1. At the start of each parliamentary term, immediately after his election or in the cases referred to in paragraph 8, the President shall call for nominations for the office of Ombudsman and set a time limit for their submission. A notice calling for nominations shall be published in the Official Journal of the European Union.
2. Nominations must have the support of at least forty Members who are nationals of at least two Member States.
Each Member may support only one nomination.
Nominations shall include all the supporting documents needed to show conclusively that the nominee fulfils the conditions required by the Regulations on the Ombudsman.
3. Nominations shall be forwarded to the committee responsible, which may ask to hear the nominees.
Such hearings shall be open to all Members.
4. A list of admissible nominations in alphabetical order shall then be submitted to the vote of Parliament.
5. The vote shall be held by secret ballot on the basis of a majority of the votes cast.
If no candidate is elected after the first two ballots, only the two candidates obtaining the largest number of votes in the second ballot may continue to stand.
In the event of any tie the eldest candidate shall prevail.
6. Before opening the vote, the President shall ensure that at least half of Parliament's component Members are present.
7. The person appointed shall immediately be called upon to take an oath before the Court of Justice.
8. The Ombudsman shall exercise his duties until his successor takes office, except in the case of his death or dismissal.
Rule 195 Activities of the Ombudsman
1. The decision on the regulations and general conditions governing the performance of the Ombudsman's duties and the provisions implementing that decision as adopted by the Ombudsman are annexed for information to the Rules of Procedure.
2. The Ombudsman shall, in accordance with Article 3(6) and (7) of the above decision, inform Parliament of cases of maladministration, on which the committee responsible may draw up a report. He shall also, in accordance with Article 3(8) of the above decision, submit a report to Parliament at the end of each annual session on the outcome of his inquiries. The committee responsible shall draw up a report thereon which shall be submitted to Parliament for debate.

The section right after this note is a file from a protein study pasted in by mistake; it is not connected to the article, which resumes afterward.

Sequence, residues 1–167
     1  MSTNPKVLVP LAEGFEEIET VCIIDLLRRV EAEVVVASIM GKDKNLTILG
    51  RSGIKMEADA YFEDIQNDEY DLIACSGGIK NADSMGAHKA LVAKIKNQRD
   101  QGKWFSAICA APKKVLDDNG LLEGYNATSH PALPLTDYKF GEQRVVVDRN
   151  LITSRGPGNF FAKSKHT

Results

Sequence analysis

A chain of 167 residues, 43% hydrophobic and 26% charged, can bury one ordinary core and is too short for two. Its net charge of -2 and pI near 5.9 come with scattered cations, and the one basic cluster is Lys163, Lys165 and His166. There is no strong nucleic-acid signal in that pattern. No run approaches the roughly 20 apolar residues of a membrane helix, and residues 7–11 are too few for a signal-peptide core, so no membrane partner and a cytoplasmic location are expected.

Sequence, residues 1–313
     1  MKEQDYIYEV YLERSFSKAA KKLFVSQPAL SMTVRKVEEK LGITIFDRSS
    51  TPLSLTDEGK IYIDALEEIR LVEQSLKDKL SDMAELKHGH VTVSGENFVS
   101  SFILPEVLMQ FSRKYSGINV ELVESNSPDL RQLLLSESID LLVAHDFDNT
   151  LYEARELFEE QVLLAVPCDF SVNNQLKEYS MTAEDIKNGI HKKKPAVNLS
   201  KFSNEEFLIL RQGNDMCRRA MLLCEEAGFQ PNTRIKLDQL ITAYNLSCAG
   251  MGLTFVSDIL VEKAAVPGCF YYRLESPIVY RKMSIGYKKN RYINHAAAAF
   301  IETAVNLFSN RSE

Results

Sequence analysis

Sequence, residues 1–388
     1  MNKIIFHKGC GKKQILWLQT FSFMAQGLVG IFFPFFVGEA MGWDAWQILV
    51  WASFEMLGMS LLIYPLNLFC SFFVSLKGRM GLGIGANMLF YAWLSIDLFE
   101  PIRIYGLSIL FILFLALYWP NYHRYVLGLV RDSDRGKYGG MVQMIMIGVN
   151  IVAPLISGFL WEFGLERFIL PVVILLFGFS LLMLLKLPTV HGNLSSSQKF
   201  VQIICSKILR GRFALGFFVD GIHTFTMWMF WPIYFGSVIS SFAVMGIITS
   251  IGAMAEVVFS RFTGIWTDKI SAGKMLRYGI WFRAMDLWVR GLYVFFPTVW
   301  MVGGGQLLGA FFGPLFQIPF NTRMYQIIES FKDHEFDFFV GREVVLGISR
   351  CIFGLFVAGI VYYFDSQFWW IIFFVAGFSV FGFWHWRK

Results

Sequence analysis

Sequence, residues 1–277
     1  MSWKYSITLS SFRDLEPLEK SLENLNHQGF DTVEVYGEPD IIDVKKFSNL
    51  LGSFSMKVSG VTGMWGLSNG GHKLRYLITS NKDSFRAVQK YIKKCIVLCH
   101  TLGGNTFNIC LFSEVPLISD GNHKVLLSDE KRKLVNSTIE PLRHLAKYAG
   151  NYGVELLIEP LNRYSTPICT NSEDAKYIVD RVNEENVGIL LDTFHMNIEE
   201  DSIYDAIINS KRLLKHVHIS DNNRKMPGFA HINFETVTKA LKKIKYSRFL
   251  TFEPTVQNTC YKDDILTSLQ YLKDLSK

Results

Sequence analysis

3. The Ombudsman may also inform the committee responsible at its request, or be heard by it on his own initiative.
Rule 196 Dismissal of the Ombudsman
1. One-tenth of Parliament's component Members may request the Ombudsman's dismissal if he no longer fulfils the conditions required for the performance of his duties or is guilty of serious misconduct.
2. The request shall be forwarded to the Ombudsman and to the committee responsible, which, if it decides by a majority of its members that the reasons are well-founded, shall submit a report to Parliament. If he so requests, the Ombudsman shall be heard before the report is put to the vote. Parliament shall, following a debate, take a decision by secret ballot.
3. Before opening the vote, the President shall ensure that half of Parliament's component Members are present.
4. If the vote is in favour of the Ombudsman's dismissal and he does not resign accordingly the President shall, at the latest by the part-session following that at which the vote was held, apply to the Court of Justice to have the Ombudsman dismissed with a request for a ruling to be given without delay.
Resignation by the Ombudsman shall terminate the procedure.
The Decision 94/262 can also be found as Annex X to the EP Rules of Procedure.
Code of Good Administration
The Ombudsman’s European Code of Good Administrative Behaviour was adopted in 2001 by the European Parliament, and it has been updated to take into account the Charter of Fundamental Rights.
The current edition dates from 2005, and its intention is to explain in detail what the Charter’s right to good administration should mean in practice. The Code is available here:
On 18 February 2009 EurActiv published an interview with the European Ombudsman P. Nikiforos Diamandouros, who took over the job in 2003 after Jacob Söderman.
Under the heading’Swedes to prioritise transparency at EU helm’ Diamandouros shared his thoughts on the incoming Swedish EU Council presidency and on this week’s European Parliament committee report on transparency.
The European Ombudsman did his best to inform the public about the limits of his mandate, namely EU institutions and bodies: “The Ombudsman conceded that the "vast majority" of the 3,500-4000 complaints he receives each year from citizens are inadmissible, because they should be dealt with at national level.”
The interview is available here: